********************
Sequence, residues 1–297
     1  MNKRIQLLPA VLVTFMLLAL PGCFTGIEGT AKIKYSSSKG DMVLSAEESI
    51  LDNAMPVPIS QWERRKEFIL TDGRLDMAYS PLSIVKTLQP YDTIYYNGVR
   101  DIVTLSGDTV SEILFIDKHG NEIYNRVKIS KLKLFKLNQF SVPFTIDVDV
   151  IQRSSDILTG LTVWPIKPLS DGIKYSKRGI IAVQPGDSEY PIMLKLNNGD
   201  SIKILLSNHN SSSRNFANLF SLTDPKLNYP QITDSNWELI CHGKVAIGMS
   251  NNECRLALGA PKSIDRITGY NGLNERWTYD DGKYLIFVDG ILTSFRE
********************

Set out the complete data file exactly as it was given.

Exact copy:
Sequence, residues 1–297
     1  MNKRIQLLPA VLVTFMLLAL PGCFTGIEGT AKIKYSSSKG DMVLSAEESI
    51  LDNAMPVPIS QWERRKEFIL TDGRLDMAYS PLSIVKTLQP YDTIYYNGVR
   101  DIVTLSGDTV SEILFIDKHG NEIYNRVKIS KLKLFKLNQF SVPFTIDVDV
   151  IQRSSDILTG LTVWPIKPLS DGIKYSKRGI IAVQPGDSEY PIMLKLNNGD
   201  SIKILLSNHN SSSRNFANLF SLTDPKLNYP QITDSNWELI CHGKVAIGMS
   251  NNECRLALGA PKSIDRITGY NGLNERWTYD DGKYLIFVDG ILTSFRE